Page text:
Her year was rewarded with a club best and fairest in their premiership year and I’d dare say she’d be right up amongst the front runners when they do their league best and fairest count, given what she does for the club and the level of consistency she maintains.
Despite that, I’m still confident that the Bombers’ midfield unit can contest with a lot of the sides in the competition. The Bombers went out and got Maddy Prespakis as the one that will lead the way out of the middle from Carlton and given her resume in such a short period of time at Carlton, building a midfield around her will be key to the Bombers’ fortunes in season seven.
Alana Barba won the Lisa Hardeman medal as the best player on the ground in that Grand Final and could be the one that firms for a breakout year. She barely saw an opportunity at the Suns and when she did play, looked out of her depth playing in another position, but it’s in the middle of the ground where she can excel and find a niche role to help out Prespakis.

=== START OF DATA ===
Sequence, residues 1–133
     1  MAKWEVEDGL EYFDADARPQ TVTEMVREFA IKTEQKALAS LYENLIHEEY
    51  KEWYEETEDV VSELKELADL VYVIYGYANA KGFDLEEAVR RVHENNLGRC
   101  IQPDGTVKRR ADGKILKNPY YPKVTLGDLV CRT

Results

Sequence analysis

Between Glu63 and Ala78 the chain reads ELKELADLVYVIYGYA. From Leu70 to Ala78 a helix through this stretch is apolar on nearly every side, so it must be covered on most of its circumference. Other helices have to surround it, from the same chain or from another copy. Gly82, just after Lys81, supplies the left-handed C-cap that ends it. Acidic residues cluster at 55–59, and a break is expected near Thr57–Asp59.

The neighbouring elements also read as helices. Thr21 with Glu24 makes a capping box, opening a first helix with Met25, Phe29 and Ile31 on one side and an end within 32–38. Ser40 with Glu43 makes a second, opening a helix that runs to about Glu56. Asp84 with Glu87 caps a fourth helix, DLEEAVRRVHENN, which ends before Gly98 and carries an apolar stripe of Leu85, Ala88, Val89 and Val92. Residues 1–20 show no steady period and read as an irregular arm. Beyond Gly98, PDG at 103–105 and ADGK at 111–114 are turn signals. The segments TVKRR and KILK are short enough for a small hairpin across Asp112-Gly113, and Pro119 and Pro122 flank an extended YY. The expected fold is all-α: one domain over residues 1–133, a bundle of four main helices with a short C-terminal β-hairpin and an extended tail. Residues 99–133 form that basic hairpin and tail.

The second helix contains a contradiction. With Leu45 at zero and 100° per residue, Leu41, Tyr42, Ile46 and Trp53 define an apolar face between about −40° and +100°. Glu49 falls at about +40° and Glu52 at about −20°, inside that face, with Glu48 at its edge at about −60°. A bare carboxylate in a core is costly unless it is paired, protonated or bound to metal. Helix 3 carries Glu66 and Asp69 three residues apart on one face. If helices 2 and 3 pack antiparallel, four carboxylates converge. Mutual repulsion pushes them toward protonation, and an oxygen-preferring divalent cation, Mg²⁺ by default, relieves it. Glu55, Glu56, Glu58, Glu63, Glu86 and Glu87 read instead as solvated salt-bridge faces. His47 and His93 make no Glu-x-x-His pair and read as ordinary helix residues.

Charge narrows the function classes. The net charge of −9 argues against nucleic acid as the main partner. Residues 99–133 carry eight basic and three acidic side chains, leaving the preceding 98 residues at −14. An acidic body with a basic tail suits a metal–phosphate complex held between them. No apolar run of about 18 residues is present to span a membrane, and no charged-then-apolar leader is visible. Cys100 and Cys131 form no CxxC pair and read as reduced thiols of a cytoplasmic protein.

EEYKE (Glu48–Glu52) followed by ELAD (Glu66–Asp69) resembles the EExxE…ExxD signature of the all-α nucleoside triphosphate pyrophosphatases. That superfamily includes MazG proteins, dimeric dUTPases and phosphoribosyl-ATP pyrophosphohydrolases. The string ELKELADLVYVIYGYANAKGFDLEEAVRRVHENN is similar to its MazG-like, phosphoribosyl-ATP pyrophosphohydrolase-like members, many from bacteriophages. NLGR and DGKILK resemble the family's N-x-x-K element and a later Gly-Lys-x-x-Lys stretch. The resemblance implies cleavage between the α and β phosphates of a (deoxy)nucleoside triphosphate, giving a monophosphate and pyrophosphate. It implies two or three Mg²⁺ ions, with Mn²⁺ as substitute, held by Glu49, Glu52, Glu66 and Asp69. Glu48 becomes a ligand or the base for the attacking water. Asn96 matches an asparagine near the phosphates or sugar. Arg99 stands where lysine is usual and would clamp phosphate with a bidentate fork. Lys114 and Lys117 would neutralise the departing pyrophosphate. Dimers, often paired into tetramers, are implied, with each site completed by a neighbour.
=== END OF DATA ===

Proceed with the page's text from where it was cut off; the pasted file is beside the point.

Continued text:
Her tackling pressure in the Grand Final was second to none and it was a key factor in their triumph, but she can also win the ball direct from stoppage and that goes a long way to helping out the rest of the team.
The Nanscawen injury also opens the door for some of their VFLW-listed players. Think of Amelia Radford, who has only just recently switched from soccer to the rapid rise of debuting in the Essendon District Football League last year to a critical part of their VFLW premiership side this year.
Her ability to show poise in the stoppages and display good kicking skills has been very close to being super consistent this year and in the manner, she played during the finals campaign this year, there was very little surprise that the Bombers drafted her – I expect she’ll play some solid minutes somewhere this upcoming season.